It’s complicated, because there would have been a ‘60s impulse towards libidinal liberation, breaking taboos, building a culture of Eros vs. Thanatos, and the feminists at that point would have been right in the thick of that (as would the gay liberation movement—porn, I think, has a much less negative status in gay culture than straight). That late ‘60s, early ‘70s stage of women’s liberation was called “radical feminism”, it was much more like women claiming the freedoms of men and attacking things like Miss World for their sanitized view of what women were like. You look at a figure like Germaine Greer, she was into female wildness and female libertinism, sleeping with whoever you liked, she was into the whole Sixties rock’n’roll dope and fucking in the street trip, etc. So while that generation of feminists might have criticized a magazine like Screw for chauvinist attitudes, there’s an extent I think that they’d have regarded it as a fellow traveler in cultural liberation.
Then by the mid-to-late ‘70s, what was called “cultural feminism” took over—figures like Andrea Dworkin, the focus shifting more to things like rape, wife abuse, porn as pernicious and oppressive. Lunch, then, is perhaps more in the Greer mold. (Later doing her spoken-world stuff she’s more anti-patriarchal and Dworkin-like perhaps in her all men are rapists mode of rhetoric).
Funny thing: Richard Kern’s son Fletcher used to go to the same East Village pre-school as my son Kieran, we see them in the neighbourhood regularly!
Do you think that American underground hipsters, despite their own knowledge of Derrida, see Scritti Politti, ABC, and Frankie Goes to Hollywood as mere fluff, compared to say, The Fall?
Making this connection between post-punk and what we in the UK called New Pop—in the US people talked about New Wave or New Music or Second British Invasion—was one of the main objectives I had in doing the book. I mean, it’s simply a historical fact that the two things were inseparable, it’s all one unified epoch of music. There are obvious band narratives that show this—Scritti Politti being the paradigm example, also the transition from Joy Division to New Order.
If you dig deeper, you have things like the fact that Human League and Gang of Four were originally on the same label, Fast Product, and the guy behind the label, Bob Last, went from working with Go4 and the Mekons to being the manager of Human League, Heaven 17, Scritti Politti, and, via his partner Rob Warr, ABC. Warr had managed Gang of Four during the Entertainment! era. Or you have things like Altered Images starting out as kind of protégés of Siouxsie and the Banshees.
But I’d gathered over the years that a lot of Americans are unaware of these connections, and that the New Pop seemed from an American perspective to be just this stuff that materialized out of nowhere on MTV. And when it arrived here it was jumbled up with a lot of stuff that I personally find quite flimsy and vapid, like Culture Club, Kajagoogoo and Duran Duran. I’ve seen some early reactions to Rip It Up… on US-based blogs where the writers are clinging really hard to this idea that there’s ABSOLUTELY NO CONNECTION between the culture that produced The Fall and Swell Maps, and the likes of Duran Duran and Thompson Twins. But you know, Duran Duran actually played in the same Midlands venues as Swell Maps!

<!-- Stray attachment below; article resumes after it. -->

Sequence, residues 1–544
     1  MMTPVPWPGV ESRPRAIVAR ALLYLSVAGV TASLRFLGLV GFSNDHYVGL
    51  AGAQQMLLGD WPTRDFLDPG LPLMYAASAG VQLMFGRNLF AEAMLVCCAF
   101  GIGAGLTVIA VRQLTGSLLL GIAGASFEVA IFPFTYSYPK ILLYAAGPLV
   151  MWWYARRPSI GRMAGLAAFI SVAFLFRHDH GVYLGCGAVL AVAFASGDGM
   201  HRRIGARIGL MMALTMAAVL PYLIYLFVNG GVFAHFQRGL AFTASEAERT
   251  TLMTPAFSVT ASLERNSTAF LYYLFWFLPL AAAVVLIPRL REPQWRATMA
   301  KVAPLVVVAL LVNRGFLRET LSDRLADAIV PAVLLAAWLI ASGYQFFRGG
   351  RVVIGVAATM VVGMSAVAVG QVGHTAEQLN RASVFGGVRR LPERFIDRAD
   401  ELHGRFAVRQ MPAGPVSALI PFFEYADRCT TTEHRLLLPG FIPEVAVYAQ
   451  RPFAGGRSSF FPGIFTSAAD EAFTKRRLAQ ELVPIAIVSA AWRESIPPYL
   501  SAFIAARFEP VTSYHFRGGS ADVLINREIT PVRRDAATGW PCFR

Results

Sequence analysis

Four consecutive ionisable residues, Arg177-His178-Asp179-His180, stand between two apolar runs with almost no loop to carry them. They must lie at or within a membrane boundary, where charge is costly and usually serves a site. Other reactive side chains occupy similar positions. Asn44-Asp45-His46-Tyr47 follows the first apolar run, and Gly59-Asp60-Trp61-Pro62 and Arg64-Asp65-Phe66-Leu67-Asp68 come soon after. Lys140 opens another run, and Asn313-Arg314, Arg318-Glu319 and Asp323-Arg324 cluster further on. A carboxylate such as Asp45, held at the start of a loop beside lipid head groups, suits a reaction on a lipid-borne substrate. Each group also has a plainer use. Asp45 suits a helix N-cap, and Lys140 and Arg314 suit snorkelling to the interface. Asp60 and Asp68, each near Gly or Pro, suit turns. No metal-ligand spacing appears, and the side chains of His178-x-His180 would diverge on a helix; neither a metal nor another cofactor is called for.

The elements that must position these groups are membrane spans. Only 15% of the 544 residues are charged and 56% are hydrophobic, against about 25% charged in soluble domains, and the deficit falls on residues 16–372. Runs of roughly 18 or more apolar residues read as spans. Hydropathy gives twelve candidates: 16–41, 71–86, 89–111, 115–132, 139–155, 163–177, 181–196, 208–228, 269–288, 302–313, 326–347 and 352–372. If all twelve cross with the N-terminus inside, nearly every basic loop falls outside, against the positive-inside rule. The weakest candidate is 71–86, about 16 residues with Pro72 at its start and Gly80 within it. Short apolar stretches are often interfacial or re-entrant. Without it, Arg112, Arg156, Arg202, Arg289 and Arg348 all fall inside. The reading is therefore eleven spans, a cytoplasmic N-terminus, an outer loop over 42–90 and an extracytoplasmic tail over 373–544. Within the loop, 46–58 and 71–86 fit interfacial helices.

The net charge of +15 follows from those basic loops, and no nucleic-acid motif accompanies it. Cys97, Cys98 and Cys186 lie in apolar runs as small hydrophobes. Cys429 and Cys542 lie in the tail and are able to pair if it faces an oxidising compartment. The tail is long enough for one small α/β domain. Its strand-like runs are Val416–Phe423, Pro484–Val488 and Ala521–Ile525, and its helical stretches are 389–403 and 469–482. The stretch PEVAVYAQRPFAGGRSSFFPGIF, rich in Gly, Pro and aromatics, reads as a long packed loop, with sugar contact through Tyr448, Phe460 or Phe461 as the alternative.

And the Thompson Twins are another paradigm example: Alannah Currie, the woman in the band with the shaved eyebrows and albino-blond curls, she was originally in this all-female punk-reggae band, modeled on the Slits. They were called the Unfuckables and they used to go around paint-bombing sexist advertising billboards and things like that! She played free jazz saxophone and had originally picked up the instrument after seeing the Pop Group!
There’s definitely a cultural difference between America and Britain, the word ‘pop’ is not a dirty word in the UK— perhaps because there isn’t the same fixation on live performance as there is in America, so that a lot of people’s primary experiences of music are based on seeing things on TV. Also the mainstream radio was better in the UK, during this period there was only really Radio One, which was state-controlled and had more of a commitment to doing interesting stuff, less chasing of the middle ground, less fear of listeners switching to other stations (because there weren’t any other stations!). And I guess we have a more prominent tradition of arty, clever pop—starting with the Beatles but going on with things like Bowie, Roxy, T-Rex, even things like 10CC. Sparks, for instance, were huge in Britain, but nothing in America.
So, the idea of pop as a forum where interesting, weird things go on—and as a forum that could be redeemed by arty types—that is so much stronger in the UK. The New Pop groups had all grown up on glam, their role models were Bowie and Roxy.
You essentially end with Frankie Goes to Hollywood. They are like pioneers of pleasure. Yet, you don’t juxtapose them against earlier gay rockers, like Dead Fingers Talk, or cross-dressing Jane County. Do you think punk culture, and post-punk culture, are inherently shaped by gay outsiderness?